5. Mina (My Name is Mina by David Almond): “I sit in my tree/I sing like the birds/My beak is my pen/My songs are my poems.”
If you want to know what it’s like inside my head, read this book. I’ve never cried in a bookstore, but when I started reading My Name is Mina at a small indie shop, it was all I could do to keep from crying quietly in the corner. Mina is absolutely luminous and she makes every word count.
4. Augustus Waters (The Fault in Our Stars by John Green): “Oh, I wouldn’t mind, Hazel Grace. It would be a privilege to have my heart broken by you.”
If the characters in this book were planets, Gus would be a moon only seen every hundred years, passing across the sky and commanding your attention in every minute. His honesty is painful, his humour is whimsical and his love is something (quite literally) writes stories about.
3. Lily Evans (Harry Potter series by J.K. Rowling): “You’ve chosen your way, I’ve chosen mine.”
It may seem strange to some people that my favourite character in the HP series is one that was dead at the start of the story, but Lily Evans is just as much a hero as Harry. It is her sacrifice that paves the way for the entire series. The love both James Potter and Severus Snape bear her changes the wizarding world forever. Her determination to do what is right is inspiring and her unconditional love for Harry is something we don’t see too often in today’s world.
2. Atticus Finch (To Kill a Mockingbird by Harper Lee): “I wanted you to see what real courage is, instead of getting the idea that courage is a man with a gun in his hand. It’s when you know you’re licked before you begin, but you begin anyway and see it through no matter what.”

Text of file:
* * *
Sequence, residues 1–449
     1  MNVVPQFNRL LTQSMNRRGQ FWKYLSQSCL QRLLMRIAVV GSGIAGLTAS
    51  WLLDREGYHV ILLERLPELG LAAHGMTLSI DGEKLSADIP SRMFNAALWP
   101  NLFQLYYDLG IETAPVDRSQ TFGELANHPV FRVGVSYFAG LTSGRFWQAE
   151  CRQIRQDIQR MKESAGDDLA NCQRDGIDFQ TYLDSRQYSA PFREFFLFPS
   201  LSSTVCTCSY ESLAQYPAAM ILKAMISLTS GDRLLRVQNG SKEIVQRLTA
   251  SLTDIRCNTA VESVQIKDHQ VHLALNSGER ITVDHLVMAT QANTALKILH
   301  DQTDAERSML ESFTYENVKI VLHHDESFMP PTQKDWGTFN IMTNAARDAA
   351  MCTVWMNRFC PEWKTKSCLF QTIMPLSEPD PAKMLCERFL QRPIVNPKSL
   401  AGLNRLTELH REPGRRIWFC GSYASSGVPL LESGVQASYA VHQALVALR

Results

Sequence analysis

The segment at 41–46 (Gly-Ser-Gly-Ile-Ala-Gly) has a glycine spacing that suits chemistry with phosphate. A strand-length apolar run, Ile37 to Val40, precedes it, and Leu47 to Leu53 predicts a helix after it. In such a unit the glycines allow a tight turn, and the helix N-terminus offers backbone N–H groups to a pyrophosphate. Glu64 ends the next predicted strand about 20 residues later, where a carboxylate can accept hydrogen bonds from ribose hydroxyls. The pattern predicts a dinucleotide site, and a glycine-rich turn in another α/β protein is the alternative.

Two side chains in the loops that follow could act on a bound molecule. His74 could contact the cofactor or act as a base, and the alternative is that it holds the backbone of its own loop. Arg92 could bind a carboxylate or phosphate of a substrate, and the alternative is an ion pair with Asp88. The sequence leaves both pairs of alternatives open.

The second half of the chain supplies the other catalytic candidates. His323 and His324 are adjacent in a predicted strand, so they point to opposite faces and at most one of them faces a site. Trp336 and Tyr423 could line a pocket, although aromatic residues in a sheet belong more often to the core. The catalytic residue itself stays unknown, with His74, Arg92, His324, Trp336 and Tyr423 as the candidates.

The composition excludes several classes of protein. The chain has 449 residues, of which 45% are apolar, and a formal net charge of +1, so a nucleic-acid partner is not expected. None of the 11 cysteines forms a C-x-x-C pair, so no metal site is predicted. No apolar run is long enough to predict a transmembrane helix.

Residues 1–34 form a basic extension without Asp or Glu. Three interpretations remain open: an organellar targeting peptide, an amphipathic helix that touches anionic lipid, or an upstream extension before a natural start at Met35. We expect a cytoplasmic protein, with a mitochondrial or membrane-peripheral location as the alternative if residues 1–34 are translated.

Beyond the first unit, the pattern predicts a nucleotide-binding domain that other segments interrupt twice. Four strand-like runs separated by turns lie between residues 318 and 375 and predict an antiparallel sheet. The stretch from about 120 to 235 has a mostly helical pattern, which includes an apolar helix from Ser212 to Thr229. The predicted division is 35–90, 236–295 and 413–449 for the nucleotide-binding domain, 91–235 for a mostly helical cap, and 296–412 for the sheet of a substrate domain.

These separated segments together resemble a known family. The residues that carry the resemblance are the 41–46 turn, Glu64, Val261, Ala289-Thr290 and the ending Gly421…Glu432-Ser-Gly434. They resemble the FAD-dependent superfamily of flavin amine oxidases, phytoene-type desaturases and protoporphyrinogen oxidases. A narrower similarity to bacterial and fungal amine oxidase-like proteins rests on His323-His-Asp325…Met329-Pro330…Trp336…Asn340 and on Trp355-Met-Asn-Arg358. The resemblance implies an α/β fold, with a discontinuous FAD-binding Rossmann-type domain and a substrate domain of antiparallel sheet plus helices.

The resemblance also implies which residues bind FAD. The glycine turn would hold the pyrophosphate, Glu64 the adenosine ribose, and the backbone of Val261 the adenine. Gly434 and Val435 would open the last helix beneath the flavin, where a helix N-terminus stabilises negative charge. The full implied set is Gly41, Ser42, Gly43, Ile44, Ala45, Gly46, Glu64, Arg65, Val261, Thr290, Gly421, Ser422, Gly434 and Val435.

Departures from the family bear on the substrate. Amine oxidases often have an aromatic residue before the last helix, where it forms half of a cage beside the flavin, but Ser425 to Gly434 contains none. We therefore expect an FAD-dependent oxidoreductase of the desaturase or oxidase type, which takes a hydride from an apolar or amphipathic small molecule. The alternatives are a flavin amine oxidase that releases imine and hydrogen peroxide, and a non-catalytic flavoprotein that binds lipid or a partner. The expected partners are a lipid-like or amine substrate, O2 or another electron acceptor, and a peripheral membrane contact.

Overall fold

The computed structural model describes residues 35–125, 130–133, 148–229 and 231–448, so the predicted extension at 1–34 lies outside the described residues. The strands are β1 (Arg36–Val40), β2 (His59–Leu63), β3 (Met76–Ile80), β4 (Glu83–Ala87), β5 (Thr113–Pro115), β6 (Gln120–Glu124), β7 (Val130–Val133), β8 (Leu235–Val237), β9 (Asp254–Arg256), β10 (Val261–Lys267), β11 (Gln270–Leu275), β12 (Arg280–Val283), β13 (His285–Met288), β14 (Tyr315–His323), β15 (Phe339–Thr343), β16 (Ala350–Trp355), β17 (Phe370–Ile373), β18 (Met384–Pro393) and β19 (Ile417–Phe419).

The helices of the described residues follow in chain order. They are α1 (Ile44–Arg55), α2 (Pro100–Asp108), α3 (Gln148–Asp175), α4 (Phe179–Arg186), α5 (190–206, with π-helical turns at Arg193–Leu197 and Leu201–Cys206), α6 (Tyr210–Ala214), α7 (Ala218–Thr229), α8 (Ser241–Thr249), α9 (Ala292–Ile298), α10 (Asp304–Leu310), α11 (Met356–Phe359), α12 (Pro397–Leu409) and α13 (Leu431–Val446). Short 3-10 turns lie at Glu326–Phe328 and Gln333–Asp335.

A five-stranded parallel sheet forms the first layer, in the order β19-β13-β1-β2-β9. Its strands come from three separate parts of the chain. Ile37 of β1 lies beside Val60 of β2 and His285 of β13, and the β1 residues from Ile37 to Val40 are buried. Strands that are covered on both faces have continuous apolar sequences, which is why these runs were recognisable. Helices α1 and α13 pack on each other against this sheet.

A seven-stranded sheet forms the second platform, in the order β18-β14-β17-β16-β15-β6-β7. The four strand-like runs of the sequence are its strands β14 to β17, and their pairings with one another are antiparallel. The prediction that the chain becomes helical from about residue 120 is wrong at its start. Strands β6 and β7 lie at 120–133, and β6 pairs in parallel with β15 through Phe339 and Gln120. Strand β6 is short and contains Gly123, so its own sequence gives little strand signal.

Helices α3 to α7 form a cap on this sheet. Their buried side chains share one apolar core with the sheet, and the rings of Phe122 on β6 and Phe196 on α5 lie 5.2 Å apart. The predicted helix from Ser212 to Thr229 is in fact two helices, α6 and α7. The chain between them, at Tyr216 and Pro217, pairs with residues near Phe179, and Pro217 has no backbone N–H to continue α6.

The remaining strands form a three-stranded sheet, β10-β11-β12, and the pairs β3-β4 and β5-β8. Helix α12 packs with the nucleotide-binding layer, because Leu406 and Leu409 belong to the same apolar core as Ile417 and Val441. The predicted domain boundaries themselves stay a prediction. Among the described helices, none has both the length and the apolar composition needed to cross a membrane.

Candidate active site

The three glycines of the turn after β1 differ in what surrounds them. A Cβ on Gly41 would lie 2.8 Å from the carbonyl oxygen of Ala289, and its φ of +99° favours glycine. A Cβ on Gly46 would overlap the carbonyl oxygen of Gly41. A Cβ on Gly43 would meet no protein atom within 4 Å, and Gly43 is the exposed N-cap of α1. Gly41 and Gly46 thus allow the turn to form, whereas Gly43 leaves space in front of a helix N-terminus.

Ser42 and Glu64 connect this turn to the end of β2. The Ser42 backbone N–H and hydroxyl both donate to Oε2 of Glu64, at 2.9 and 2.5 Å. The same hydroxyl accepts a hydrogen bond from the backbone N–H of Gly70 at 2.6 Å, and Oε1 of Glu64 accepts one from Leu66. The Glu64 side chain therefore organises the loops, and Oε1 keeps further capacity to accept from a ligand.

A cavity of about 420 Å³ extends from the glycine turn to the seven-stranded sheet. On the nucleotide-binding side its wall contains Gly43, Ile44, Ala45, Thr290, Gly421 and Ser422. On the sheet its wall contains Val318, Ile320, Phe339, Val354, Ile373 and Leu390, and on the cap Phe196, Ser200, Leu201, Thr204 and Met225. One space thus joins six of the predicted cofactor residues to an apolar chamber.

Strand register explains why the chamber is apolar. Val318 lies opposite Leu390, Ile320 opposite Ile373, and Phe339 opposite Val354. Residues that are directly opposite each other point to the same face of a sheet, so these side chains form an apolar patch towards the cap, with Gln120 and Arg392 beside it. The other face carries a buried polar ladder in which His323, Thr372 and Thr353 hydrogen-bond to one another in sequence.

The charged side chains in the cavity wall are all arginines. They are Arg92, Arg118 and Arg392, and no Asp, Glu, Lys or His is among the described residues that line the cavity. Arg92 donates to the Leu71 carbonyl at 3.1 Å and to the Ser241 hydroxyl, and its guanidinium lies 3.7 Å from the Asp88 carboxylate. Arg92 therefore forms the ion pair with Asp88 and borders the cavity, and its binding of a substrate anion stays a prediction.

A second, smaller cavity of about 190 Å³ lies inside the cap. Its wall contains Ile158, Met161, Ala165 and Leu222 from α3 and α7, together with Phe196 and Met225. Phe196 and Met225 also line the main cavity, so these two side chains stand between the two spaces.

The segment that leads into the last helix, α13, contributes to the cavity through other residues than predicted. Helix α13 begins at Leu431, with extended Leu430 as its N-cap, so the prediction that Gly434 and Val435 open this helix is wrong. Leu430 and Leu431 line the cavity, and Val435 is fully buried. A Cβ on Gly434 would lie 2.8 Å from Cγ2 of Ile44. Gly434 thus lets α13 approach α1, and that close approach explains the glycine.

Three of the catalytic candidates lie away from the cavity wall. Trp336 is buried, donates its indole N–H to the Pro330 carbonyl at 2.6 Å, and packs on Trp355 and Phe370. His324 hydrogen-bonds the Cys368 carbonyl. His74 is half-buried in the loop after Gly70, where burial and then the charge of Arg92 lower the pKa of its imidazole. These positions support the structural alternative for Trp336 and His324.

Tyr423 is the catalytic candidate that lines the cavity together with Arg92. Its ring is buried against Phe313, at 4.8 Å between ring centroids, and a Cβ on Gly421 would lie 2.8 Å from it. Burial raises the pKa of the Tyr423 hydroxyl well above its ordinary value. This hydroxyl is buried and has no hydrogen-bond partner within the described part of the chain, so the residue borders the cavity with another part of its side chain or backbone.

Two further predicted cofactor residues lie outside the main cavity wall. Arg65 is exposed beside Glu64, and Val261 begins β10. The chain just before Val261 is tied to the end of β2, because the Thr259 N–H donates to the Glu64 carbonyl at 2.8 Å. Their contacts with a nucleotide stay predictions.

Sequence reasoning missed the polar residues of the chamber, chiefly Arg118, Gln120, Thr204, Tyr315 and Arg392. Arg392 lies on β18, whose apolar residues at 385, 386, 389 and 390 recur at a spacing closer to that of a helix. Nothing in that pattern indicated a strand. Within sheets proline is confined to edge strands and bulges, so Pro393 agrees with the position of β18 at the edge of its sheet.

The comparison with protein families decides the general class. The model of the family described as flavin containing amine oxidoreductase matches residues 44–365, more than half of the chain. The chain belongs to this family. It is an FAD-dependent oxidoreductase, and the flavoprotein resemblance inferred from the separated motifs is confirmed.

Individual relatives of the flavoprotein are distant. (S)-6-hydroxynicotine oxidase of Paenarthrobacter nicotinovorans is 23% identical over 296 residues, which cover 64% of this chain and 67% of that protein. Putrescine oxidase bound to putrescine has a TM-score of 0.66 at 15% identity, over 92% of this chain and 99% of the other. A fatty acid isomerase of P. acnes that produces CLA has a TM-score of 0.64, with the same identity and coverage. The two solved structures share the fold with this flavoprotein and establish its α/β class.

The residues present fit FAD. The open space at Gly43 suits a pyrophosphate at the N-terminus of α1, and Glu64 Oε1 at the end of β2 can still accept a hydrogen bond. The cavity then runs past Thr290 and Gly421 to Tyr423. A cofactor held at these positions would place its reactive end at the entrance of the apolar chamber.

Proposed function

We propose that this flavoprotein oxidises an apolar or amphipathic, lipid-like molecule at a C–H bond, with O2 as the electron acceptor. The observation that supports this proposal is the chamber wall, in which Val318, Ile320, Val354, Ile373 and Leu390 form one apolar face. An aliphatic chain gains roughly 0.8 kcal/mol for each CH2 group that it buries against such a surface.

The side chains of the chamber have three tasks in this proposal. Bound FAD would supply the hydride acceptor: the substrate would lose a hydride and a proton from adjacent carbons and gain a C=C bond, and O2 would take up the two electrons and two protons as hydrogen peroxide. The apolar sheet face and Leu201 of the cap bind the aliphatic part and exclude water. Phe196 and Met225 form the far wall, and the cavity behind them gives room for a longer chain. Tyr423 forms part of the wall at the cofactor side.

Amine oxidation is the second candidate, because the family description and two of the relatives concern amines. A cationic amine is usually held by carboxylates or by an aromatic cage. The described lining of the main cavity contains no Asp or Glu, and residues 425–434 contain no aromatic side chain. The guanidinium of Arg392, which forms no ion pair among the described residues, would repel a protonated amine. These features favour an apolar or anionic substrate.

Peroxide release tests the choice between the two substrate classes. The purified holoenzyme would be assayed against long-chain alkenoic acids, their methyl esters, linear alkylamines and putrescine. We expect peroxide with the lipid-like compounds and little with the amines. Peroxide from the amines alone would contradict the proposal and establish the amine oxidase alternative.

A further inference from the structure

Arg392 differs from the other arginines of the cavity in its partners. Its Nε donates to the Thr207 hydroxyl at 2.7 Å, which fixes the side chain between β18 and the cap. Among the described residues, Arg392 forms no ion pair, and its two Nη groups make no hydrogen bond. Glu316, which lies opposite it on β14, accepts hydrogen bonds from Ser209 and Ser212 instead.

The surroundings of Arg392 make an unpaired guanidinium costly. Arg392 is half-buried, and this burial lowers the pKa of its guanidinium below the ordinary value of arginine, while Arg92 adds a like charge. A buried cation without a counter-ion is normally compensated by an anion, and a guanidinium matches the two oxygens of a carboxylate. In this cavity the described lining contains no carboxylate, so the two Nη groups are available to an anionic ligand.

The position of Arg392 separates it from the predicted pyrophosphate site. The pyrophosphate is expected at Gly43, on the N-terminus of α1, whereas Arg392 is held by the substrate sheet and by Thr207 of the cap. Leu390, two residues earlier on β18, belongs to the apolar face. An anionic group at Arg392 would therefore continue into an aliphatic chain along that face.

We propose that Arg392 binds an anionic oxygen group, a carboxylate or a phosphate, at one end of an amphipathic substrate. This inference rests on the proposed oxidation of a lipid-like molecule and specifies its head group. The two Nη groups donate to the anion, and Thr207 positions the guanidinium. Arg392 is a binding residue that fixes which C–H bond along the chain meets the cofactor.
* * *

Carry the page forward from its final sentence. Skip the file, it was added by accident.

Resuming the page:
Atticus is exactly the kind of father you never knew you wanted until you met him. His love for his children is palpable throughout the entire novel, and even as he struggles to bring justice to his town, his takes the time to teach them lessons they’ll never forget. He is the reason I reread To Kill a Mockingbird every year, to remind myself that truth and goodness is something that always needs to be worked on.
1. Angela Vicario (Chronicle of a Death Foretold by Gabriel García Márquez): She looked for it in the shadows, she found it at first sight among the many, many easily confused names from this world and the other, and she nailed it to the wall with her well-aimed dart, like a butterfly with no will whose sentence has always been written.
When I encountered this novel in freshman year of university, I was hesitant to read it. As an admirer of Márquez’s works of magic realism, I wasn’t sure what to think of this rather somber story of murder and lies. Angela Vicario came out of the shadows to turn everything upside down. Angela stands by her words, making the people around her accept that she will never say anything different, despite what they may think. The strength of her character manifests itself in subtle, yet powerful ways, and she is actually one of the forces to reckon with in the story. She is the beginning and the end of the entire novel.
Who are your ten all time favourite characters?